Water Quality Reports
Problems We Found With Philadelphia Drinking Water
Kezia Snipe | Research Analyst
***Updated to include 2019 water quality data***
Our Water Nerds have updated our assessment of Philadelphia drinking water to include the most recent available data. We used data from the Philadelphia Water Department 2018 water quality report, U.S. Environmental Protection Agency (EPA), as well as from samples that we collect and analyze. We cross reference these data with toxicity studies in scientific and medical literature, and look at upcoming regulatory changes. The water filters that Hydroviv builds for Philadelphia residents are optimized with these numbers in mind.
Source Of Philadelphia Drinking Water
Philadelphia’s drinking water comes from the Schuylkill and Delaware rivers. Each river contributes one-half of the City’s overall supply and approximately 250 million gallons of drinking water on a daily basis. Rivers are surface water supplies. Philadelphia does not use groundwater.
Lead In Philadelphia Drinking Water
Philadelphia has over 50,000 homes with lead service pipes, but EPA only requires the city to test 50 of them. Unlike contaminants like chromium 6 or arsenic, lead leaches into drinking water through older lead service pipes and lead-containing plumbing. Because Philadelphia is an old city with lots of lead service pipes and internal plumbing, Philadelphia homes are even more susceptible to lead contamination. Currently, 10% of Philadelphia's water quality samples collected for lead analysis are 2 parts per billion or higher, but the city has been criticized because they oversample homes with low risk of lead contamination, skewing the data. For this reason, we recommend that all older homes in Philadelphia filter their water using a filter that is rated for lead.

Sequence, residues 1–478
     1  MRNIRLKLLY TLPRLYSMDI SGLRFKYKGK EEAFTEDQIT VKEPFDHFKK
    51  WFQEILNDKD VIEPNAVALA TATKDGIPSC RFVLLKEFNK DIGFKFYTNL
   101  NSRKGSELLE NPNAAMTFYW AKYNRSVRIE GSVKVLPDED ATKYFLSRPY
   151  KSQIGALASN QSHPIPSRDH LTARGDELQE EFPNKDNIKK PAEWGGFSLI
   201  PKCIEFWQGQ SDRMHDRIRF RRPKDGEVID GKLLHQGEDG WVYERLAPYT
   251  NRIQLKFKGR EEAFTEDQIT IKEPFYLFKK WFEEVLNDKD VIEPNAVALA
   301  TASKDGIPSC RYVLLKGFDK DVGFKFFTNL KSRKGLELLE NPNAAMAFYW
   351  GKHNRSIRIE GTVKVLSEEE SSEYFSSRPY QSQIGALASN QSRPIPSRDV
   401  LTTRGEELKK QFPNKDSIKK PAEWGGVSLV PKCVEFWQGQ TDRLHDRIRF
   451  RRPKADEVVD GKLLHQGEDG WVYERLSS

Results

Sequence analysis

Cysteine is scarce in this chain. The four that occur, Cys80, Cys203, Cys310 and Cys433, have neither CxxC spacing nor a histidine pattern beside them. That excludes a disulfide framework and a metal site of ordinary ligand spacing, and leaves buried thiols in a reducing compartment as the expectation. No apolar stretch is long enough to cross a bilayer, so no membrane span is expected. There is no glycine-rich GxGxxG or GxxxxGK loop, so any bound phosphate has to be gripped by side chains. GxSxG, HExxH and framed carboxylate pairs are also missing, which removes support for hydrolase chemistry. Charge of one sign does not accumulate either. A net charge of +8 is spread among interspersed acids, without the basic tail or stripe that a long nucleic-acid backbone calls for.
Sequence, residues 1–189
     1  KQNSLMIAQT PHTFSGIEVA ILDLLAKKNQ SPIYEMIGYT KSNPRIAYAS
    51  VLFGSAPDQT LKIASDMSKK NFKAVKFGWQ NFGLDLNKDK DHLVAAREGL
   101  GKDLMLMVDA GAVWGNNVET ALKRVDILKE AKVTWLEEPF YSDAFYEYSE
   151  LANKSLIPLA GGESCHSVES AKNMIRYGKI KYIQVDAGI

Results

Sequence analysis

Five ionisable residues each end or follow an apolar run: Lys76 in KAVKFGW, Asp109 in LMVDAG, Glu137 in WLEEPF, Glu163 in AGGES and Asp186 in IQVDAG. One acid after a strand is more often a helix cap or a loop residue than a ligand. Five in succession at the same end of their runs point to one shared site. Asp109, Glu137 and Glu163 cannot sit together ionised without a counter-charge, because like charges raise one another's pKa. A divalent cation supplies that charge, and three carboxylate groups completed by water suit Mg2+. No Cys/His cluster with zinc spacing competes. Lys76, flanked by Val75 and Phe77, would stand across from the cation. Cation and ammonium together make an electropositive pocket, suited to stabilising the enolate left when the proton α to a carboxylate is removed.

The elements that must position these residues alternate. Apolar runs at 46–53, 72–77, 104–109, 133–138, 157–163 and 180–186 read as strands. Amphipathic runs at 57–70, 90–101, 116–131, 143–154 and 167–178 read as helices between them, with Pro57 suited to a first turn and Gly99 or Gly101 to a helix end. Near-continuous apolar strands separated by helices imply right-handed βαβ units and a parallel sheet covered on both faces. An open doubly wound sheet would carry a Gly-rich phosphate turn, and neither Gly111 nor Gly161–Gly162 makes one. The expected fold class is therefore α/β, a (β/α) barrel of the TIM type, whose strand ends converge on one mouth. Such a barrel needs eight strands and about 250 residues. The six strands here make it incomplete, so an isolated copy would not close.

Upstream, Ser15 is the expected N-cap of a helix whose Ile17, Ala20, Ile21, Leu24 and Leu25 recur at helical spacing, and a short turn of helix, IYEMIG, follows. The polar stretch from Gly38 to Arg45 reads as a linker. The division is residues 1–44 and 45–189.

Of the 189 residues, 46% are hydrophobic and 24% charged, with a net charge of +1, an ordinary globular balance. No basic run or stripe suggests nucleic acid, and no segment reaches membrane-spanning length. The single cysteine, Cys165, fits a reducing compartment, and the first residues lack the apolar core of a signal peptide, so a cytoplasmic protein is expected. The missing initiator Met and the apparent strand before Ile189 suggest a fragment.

Chromium 6 Contamination In Philadelphia Drinking Water
Chromium 6 is an extremely toxic metal that is not currently regulated by the EPA. In recent years, Philadelphia tap water has averaged 388 parts per trillion for Chromium 6. For the sake of perspective, these levels are 20 times higher than the concentration determined to have negligible impact on cancer risk.
Disinfection Byproducts (DBPs) In Philadelphia Drinking Water
DBPs are a category of emerging contaminants that form when chlorine-based disinfectants react with naturally-occurring organic matter. Although these chemicals are not currently regulated very well, the EPA has acknowledged that they are associated with an increased risk of bladder cancer, as well as kidney, liver, and central nervous system problems.
Like most other cities in the U.S., Philadelphia injects its water with chlorine to protect against waterborne illness. While not typically considered to be harmful on its own, many people find that removing chlorine from drinking water greatly improves taste and odor.
Still Have Questions?
Hydroviv is a water filtration company that uses water quality data to optimize water filters for each city’s water. The chemicals that we list above are what we consider to be “points of emphasis” so we can build the best water filter for Philadelphia tap water, but all of our water filters provide broad protection against other contaminants commonly found in drinking water (e.g. VOCs, lead, solvents, pesticides, mercury).
If you’re interested in learning more about water filters that have been optimized for Philadelphia tap water quality, feel free to visit www.hydroviv.com, reach out by email (firstname.lastname@example.org) or through our live chat. We also frequently post water-related news on Twitter or Facebook.
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